Currently, ISA boards that are designed to take advantage of EISA features included a jumper with two positions indicating whether the board is in an ISA or EISA system. One disadvantage to this approach is that a jumper is required to put the board in EISA mode. The EISA architecture was designed to be a jumperless architecture, and hence requiring a jumper to place an ISA board into EISA mode is undesirable. This also creates more difficulty for the end user. If the user should forget or be unaware to switch the jumper when moving the board to a different system, then the I/O board would not operate properly. Therefore, an improved method and apparatus is desired to inform an ISA board as to whether it is connected to an ISA or EISA system.
Background on the development of I/O addressing in the EISA architecture is deemed appropriate. When the specification for the EISA bus was being formulated, a major consideration was to retain compatibility with prior ISA devices. This consideration was important because a user generally desires to upgrade and improve input/output subsystems without replacing the user's existing application programs or present input/output devices and controllers. Both existing applications programs and present input/output devices represent a significant investment in time and money to the user. As discussed below, certain limitations in the ISA standard presented problems in providing additional I/O address space for EISA circuit boards while retaining compatibility with the ISA standard.
The Industry Standard Architecture has evolved through a complicated expansion path resulting from the need to overcome limitations of earlier processors, operating systems and designs. A limitation of the ISA bus standard was that the standard limited addressing input/output space of circuit boards to ten bits of address space. One fourth of that space (the condition where the two most significant bits are zero) was reserved for use by the system board and was not available to the input/output circuit boards. Hence, only a very limited amount of input/output space was available. Over time and based on usage, portions of this address area had been reserved for particular input/output devices and their controllers and thus this space was saturated by existing input/output devices. Since there was insufficient address space to allocate to new advanced input/output devices and controllers, a method was needed to provide I/O space for new EISA circuit boards while keeping the old address map unchanged.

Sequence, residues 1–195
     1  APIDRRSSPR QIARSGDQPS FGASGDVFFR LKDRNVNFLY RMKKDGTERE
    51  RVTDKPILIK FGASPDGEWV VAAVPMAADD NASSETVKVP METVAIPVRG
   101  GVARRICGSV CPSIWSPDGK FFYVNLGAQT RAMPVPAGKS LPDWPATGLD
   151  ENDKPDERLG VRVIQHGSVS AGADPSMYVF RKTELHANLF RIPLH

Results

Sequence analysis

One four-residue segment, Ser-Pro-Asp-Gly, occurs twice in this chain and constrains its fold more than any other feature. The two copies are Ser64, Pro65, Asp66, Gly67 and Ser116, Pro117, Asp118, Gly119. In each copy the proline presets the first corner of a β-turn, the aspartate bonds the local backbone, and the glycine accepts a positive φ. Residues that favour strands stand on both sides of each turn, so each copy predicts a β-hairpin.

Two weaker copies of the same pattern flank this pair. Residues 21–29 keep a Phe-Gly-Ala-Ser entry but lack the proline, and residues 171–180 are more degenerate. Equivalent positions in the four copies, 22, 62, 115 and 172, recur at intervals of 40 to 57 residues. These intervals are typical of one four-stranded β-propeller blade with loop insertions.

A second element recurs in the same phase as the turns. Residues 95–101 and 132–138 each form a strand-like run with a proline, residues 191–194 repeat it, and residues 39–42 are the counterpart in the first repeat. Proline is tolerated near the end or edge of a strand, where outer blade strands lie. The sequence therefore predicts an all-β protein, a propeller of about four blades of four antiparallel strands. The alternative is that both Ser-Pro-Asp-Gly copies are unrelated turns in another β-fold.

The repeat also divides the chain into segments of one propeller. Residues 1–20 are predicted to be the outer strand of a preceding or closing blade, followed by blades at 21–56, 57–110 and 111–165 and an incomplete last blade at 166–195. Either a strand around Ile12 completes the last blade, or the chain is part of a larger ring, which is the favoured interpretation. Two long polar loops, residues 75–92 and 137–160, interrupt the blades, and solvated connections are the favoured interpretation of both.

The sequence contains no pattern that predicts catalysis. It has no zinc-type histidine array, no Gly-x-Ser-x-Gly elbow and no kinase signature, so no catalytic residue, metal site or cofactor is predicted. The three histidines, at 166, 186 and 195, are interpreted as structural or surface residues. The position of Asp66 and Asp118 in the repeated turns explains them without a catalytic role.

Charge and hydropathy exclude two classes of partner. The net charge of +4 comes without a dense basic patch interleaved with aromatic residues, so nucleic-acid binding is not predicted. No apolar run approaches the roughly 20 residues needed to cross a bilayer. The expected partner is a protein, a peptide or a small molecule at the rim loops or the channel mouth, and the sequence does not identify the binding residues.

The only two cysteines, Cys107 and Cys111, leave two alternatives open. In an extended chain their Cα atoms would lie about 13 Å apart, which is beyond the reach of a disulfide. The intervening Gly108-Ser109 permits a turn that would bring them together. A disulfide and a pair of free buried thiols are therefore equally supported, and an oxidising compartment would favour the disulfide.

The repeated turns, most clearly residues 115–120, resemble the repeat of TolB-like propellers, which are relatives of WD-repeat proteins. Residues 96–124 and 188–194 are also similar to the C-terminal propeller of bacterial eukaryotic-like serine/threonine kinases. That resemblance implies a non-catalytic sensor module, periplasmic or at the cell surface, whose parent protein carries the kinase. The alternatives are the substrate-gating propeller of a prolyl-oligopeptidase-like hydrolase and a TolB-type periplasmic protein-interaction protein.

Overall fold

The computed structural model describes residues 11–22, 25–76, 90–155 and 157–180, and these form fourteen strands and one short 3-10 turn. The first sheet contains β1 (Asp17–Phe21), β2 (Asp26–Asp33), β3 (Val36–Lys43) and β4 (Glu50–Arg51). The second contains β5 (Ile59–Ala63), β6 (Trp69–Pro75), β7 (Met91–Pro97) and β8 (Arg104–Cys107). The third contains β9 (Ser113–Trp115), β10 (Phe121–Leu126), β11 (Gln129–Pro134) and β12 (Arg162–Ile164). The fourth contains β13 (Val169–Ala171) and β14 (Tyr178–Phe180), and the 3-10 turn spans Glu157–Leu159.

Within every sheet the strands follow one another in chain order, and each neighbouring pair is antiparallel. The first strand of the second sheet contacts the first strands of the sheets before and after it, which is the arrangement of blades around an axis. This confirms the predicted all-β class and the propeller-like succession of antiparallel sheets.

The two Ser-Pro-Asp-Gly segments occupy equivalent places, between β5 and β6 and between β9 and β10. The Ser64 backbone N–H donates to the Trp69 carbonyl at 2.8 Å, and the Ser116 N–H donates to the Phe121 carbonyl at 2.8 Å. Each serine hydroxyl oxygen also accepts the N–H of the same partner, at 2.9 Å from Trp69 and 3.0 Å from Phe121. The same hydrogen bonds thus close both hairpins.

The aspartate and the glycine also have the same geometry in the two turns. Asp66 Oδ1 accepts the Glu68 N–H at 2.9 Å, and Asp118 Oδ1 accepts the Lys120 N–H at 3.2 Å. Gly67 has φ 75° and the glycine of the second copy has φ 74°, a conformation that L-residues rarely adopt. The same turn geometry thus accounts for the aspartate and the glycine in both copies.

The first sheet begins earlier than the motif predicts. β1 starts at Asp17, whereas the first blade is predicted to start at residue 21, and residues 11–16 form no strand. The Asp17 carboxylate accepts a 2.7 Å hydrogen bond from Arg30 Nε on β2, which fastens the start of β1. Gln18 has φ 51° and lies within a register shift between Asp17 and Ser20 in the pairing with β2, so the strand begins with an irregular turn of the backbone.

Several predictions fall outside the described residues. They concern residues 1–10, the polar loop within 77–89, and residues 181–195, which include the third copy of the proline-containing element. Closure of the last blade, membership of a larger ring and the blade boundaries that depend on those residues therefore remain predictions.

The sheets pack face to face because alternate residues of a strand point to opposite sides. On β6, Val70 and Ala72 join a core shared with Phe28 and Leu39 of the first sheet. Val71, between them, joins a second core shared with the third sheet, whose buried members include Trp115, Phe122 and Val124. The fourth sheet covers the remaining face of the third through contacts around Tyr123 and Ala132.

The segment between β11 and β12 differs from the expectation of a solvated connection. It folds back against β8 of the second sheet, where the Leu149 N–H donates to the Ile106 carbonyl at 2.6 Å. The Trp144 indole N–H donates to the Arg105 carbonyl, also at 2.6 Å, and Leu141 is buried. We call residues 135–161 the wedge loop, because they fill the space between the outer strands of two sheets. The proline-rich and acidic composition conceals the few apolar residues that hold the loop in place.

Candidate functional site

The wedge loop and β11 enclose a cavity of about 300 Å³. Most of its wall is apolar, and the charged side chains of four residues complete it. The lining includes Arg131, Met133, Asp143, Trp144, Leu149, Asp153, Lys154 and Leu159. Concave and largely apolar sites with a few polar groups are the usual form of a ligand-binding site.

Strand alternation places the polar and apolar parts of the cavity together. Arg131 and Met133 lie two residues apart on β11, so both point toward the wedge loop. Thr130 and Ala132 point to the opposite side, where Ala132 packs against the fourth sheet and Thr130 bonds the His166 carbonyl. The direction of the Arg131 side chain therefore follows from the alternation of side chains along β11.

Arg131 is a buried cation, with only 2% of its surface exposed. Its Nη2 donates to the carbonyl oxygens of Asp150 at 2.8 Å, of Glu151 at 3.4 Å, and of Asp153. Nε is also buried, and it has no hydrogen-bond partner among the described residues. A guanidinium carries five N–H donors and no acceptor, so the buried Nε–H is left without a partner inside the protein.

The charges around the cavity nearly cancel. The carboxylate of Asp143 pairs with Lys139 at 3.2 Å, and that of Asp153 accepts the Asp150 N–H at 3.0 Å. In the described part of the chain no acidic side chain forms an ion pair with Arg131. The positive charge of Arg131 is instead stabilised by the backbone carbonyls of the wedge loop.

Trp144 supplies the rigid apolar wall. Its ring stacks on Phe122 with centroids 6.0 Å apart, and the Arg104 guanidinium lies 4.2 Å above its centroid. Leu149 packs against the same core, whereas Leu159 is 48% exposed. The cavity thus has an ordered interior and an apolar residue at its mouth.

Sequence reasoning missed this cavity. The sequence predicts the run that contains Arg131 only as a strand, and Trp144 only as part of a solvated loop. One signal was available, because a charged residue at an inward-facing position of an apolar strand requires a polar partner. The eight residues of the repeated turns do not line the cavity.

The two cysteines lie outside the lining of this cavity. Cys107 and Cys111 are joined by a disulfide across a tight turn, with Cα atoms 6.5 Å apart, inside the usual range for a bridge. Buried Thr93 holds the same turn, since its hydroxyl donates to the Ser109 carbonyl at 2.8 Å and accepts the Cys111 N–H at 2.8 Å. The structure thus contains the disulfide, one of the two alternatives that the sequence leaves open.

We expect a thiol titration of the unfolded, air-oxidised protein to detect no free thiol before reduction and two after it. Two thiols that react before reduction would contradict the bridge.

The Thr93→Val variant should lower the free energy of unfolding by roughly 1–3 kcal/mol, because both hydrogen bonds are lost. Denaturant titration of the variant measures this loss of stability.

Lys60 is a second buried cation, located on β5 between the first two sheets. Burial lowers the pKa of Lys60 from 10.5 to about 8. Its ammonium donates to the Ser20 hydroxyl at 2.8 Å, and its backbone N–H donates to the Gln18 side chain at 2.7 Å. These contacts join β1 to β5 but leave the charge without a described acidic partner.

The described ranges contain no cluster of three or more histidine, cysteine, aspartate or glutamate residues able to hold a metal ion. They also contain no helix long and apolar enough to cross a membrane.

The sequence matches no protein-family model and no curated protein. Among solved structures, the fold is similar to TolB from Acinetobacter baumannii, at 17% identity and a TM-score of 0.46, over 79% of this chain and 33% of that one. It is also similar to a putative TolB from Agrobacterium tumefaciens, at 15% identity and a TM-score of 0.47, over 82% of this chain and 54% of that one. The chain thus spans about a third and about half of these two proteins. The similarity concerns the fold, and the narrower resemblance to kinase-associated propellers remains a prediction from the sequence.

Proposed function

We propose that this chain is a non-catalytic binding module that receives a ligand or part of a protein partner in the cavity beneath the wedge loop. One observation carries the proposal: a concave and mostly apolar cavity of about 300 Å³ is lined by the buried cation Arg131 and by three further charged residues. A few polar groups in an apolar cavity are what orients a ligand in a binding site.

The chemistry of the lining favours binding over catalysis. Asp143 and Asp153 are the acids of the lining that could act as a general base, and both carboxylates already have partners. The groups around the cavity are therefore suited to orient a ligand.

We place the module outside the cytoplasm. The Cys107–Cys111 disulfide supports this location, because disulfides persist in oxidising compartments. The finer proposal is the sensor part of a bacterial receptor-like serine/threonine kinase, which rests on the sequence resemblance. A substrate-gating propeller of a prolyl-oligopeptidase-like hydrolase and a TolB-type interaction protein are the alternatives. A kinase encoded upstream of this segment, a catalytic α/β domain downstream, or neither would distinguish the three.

Therefore, a principal difficulty was that, under the ISA architecture, ISA expansion boards knew when they were addressed by decoding no more than ten bits of an input/output address word communicated through the ISA bus. The address locations within the address space allocated to the board were fixed in the circuit board, i.e., the circuit board determined whether it was addressed when some upper bit subset of the input/output address word corresponded with a fixed code. Therefore it was not possible to simply allocate more bits to the input/output address space to extend the addressing space available. Existing boards did not decode those higher bits spaces and thus existing boards would interfere with the new boards attempting to utilize this extended input/output space.
Therefore, the EISA architecture was developed with a technique referred to as EISA slot-specific I/O addressing. This addressing system allows a computer system to use existing circuit boards and yet provides additional addressing space for new circuit boards fully utilizing the addressing system. EISA slot-specific I/O addressing utilizes a slot specific signal referred to as AENx wherein "x" refers to the slot number. When the respective AENx signal is negated low to a board, then the respective I/O board may respond to addresses and I/O commands on the bus. The AENx signal is asserted high to all other option slots to disable I/O accesses during an access to a particular slot-specific I/O address range. The AENx signal is asserted high during DMA cycles to prevent I/O slaves from misinterpreting DMA cycles as valid I/O cycles. A signal referred to as BALE is an ISA signal that indicates that a valid address is present on the address lines. The BALE signal is high during a DMA or a 16 bit ISA bus master operation.